Indian jewellery has a rich history and the longest legacy of jewellery making. It has enjoyed a continuous evolution for some 5000 years, and now, Antique Indian jewellery is considered as rare and unique. The elaborate designs of the jewellery are influenced by socio-cultural and political factors and often have heavy embellishments with enchanting and captivating craftsmanship.
Below is a quick look into the legacy of Indian antique jewellery and the intricate royal art of this jewellery making.
- Gulabi Meenakari
Gulabi Meenakari is a form of jewellery craftsmanship which was brought to the city of Varanasi by Persian enamellists and is one of the rarest crafts in India. It was introduced in the 17th century during the Mughal era and is known for its signature pink colour obtained from rose (Gulab). The bold and bright pink is laid on a white enamel foundation. It often takes about 3 to 6 months to complete the intricate craft depending on the complexity of the art. The jewellery pieces are adorned with precious gemstones to give it a daring charm that modern jewellery fails to achieve. Meenakari art is popularly of three forms – Ek Rang Khula Meena, Panch Rangi Meena, Gulabi Meena.
Tarakashi is an elaborate silver filigree work that is a kind of intricate and sophisticated metalwork. It originated from the Cuttack city of Odisha in the eastern part of India more than 500 years ago and is traditionally crafted by local artisans with patience, precision and skilled handwork. Various figurines made with Tarakashi style are in high demand apart from ornaments. Tarakashi jewellery is a result of detailed and elaborate metalwork that blows the mind of the beholder with its delicate yet bold beauty.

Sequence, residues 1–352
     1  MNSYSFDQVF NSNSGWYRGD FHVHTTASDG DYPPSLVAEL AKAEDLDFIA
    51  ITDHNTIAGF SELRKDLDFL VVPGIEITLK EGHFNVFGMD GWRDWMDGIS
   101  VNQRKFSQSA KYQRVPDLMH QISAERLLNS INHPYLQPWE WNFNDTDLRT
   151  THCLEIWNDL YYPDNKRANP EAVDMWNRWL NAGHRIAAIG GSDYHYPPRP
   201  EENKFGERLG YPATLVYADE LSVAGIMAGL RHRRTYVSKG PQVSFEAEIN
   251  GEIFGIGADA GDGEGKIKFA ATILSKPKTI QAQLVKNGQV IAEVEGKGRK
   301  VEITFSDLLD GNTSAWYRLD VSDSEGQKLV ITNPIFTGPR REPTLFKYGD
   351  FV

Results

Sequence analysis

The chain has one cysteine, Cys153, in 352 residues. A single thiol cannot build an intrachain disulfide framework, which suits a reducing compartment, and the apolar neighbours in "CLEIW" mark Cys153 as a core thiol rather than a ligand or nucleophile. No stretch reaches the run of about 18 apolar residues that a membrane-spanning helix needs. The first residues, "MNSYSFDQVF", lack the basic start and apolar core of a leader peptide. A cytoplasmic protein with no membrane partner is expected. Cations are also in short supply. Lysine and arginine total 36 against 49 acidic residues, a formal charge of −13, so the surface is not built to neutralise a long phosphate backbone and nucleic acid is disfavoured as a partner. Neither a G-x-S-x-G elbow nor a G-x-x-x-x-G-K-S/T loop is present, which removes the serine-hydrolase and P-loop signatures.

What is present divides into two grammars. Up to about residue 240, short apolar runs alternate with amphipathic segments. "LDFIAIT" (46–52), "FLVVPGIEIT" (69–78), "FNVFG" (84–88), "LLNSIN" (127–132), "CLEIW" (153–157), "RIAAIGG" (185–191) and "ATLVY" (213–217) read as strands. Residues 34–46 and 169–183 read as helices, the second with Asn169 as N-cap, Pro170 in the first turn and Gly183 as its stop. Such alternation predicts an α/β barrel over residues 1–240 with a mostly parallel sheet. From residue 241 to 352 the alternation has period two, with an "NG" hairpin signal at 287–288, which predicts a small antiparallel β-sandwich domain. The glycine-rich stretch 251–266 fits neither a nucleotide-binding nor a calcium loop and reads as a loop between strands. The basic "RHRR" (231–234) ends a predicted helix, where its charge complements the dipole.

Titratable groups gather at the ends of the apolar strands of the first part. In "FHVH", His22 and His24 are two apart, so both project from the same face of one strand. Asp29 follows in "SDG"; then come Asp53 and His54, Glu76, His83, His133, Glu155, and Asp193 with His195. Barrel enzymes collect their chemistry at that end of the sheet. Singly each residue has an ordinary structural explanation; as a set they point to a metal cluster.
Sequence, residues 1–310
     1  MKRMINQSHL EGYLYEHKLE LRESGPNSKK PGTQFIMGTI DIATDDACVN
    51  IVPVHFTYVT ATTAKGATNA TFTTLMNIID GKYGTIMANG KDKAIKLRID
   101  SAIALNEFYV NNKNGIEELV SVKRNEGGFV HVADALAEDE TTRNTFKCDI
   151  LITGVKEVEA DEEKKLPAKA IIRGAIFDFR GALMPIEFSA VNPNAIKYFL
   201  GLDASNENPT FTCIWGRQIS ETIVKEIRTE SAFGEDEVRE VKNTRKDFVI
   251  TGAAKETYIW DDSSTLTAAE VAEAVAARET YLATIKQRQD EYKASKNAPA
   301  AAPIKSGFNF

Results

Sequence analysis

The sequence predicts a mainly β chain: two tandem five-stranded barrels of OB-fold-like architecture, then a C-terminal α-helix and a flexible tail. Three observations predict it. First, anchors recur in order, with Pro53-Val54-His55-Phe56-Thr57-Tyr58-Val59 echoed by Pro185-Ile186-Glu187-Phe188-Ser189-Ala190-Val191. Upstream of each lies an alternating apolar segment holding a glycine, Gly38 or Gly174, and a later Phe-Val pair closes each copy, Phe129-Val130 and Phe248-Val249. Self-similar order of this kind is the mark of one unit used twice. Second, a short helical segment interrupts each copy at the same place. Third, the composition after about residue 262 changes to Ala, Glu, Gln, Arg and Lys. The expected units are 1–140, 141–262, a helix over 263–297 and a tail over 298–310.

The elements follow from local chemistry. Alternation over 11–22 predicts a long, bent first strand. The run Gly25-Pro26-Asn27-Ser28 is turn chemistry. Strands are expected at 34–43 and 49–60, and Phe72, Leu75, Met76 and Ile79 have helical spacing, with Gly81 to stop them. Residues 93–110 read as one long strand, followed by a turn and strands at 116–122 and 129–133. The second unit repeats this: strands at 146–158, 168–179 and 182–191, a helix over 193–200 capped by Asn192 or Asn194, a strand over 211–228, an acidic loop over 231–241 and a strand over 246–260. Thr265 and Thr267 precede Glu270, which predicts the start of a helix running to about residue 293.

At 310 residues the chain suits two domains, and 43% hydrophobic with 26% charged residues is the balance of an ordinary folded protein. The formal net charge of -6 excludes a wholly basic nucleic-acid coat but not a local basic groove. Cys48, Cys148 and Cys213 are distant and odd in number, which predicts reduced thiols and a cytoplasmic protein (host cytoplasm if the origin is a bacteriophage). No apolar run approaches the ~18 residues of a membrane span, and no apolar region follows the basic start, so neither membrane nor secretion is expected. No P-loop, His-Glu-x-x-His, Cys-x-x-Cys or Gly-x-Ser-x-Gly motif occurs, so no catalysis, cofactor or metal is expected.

Now let’s travel to Pratapgarh district of Rajasthan where Thewa art emerged. The word Thewa is a word of the local Rajasthani language which means “setting”. Nathu Lal Soni initiated this art in 1707 and is the only family doing the Thewa work. The art of making Thewa jewellery involves fusing the gold sheet on molten glass and is a craft of Mughal era. Multicoloured glass is used to make the jewellery bright and colourful. The gold sheet has intricate works which act as a frame for molten glass. This detailed and time-consuming art is an example of the fine craftsmanship of Indian heritage.
- Bidri Work
Bidri work is a type of metal handicraft from Bidar developed in the 14th century C.E. during the rule of Bahamani sultans. Its techniques and styles are influenced by Persian art and were first brought in the form of utensils. It’s characterised by bright silver inlay artwork done manually. The metal used in Bidri work is a blackened alloy of zinc and copper inlaid with thin sheets of pure silver. It’s complicated, and intricate patterns in silver are the main charm of the jewellery. The Bidri jewellery is a good option if you want to have a change from the gold jewellery yet keeping it traditional.
- Temple Jewellery
Temple jewellery originated during the reign of Chola and Pandya dynasty, in the 9th century, primarily involved depictions of Gods and Goddesses from the temples in South India sculpted in gold and silver. Most of it is crafted in Nagercoil city of Tamil Nadu although it originated in Thanjavur. The base metal used here is gold and designs often include peacock, lotus apart from God and Goddesses. This vibrant and heavily sculpted art is something that symbolises the wealthiest tradition of South India.
The mesmerising and enchanting heritage of Indian traditional jewellery is a thing of beauty that everyone should at least enjoy once in their lifetime. These are India’s royal art forms that have flourished through the years becoming more and more valuable with the time and thereby reflecting the purity and hard work of the talented craftsman. Today, these traditional jewellery holds an essential place in bridal jewellery collection as well. ANS, the best gold, silver, diamond, and platinum jewellery in Salem has a rich traditional jewellery collection not only of gold but also of diamonds, silver, and platinum. Check them out now!